COLLEGE ATHLETICS REDUX

Jane Galt continues the thread began yesterday with more in her post, Do college athletes get something more valuable than a salary?

I provided my commentary on that blog, but I’ll reprise it here:

1. For the most part, schools lose money on athletics. This is true even of the “money” sports like football and basketball at all but a relative handful of schools.

2. Most athletes do get something valuable out of school, or at least as valuable as other students get. The vast majority of athletes–those in the non-revenue sports and a minority of those in revenue sports–are actually pretty good students. Most of the kids on the golf, gymnastics, wrestling, soccer, and volleyball teams are above-average students. These students get a double-value: a free college education, often at a “better” school than they’d have gotten a free ride to without their athletic skills plus the tangible and intangible value of having been a college athlete. All things being equal, college athletes do much better than their non-athlete compatriots (such as myself) on the job market and in the employment world. The Nike ads on the value of female participation in sports are essentially correct–and it works that way for the men, too.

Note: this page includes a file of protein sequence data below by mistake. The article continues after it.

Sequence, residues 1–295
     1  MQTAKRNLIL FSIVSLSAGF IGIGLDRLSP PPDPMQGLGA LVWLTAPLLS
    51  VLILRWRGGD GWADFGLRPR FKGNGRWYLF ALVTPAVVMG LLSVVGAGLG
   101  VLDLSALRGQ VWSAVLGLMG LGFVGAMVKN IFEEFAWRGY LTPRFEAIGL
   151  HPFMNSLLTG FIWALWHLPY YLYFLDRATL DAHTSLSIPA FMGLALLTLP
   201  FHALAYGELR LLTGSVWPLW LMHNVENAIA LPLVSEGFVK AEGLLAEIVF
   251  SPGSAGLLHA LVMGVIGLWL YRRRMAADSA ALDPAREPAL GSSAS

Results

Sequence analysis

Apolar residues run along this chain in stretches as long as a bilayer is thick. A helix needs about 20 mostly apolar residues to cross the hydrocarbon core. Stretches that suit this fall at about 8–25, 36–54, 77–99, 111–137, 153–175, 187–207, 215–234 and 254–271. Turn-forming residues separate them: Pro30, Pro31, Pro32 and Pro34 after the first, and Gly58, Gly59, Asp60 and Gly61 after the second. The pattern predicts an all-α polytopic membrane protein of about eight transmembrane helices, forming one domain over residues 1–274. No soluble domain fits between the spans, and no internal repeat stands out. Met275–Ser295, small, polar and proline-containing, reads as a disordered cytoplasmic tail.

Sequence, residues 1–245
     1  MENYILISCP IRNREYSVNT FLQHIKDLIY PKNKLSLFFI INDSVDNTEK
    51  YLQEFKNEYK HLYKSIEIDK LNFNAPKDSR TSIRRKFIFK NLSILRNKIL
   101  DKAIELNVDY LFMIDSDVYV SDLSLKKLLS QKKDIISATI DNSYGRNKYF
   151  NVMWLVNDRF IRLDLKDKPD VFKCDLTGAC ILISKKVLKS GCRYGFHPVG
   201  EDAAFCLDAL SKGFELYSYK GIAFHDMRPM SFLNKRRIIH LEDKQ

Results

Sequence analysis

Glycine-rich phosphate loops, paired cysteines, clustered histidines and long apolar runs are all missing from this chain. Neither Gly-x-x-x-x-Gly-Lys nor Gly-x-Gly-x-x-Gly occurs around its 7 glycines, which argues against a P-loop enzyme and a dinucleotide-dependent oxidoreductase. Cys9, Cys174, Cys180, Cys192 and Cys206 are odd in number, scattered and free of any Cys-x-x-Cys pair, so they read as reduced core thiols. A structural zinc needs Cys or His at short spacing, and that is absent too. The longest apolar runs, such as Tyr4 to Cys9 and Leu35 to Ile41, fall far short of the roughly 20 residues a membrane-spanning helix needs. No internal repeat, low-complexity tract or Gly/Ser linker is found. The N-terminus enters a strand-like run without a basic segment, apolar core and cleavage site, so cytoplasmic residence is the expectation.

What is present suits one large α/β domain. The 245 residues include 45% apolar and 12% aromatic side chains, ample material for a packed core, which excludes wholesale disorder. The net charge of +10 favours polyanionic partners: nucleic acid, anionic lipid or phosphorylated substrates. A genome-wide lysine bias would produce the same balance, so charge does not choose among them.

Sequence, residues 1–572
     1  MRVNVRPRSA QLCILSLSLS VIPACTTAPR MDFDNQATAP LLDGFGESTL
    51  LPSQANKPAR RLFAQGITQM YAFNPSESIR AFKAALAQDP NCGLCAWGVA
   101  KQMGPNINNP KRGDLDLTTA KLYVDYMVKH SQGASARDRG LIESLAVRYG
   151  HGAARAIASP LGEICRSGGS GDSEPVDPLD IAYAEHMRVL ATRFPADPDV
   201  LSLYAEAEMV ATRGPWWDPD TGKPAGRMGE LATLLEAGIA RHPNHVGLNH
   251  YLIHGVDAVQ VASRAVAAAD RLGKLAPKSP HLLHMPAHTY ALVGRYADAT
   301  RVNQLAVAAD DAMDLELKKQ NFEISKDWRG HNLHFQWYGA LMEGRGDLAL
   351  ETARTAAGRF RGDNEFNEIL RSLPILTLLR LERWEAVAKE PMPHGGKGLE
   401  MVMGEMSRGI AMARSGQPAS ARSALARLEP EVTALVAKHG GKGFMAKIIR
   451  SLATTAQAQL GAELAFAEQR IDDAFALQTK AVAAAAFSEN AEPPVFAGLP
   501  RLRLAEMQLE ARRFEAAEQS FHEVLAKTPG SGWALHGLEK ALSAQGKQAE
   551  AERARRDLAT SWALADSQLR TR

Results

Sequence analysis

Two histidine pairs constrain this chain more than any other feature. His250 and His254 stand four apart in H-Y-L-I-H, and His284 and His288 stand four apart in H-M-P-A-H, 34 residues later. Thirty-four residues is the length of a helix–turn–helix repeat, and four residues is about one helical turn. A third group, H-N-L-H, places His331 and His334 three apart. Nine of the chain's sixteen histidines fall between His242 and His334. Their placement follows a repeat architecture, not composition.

3. Which sport matters. Many of those who play football, basketball and, to a much lesser extent, baseball at the higher levels of competitition are at college to gain a shot at the pros. Most of them won’t make it. It is this group who is most likely to be exploited.

FILED UNDER: Education, Sports
James Joyner
About James Joyner
James Joyner is Professor and Department Head of Security Studies at Marine Corps University's Command and Staff College and a nonresident senior fellow at the Scowcroft Center for Strategy and Security at the Atlantic Council. He's a former Army officer and Desert Storm vet. Views expressed here are his own. Follow James on Twitter @DrJJoyner.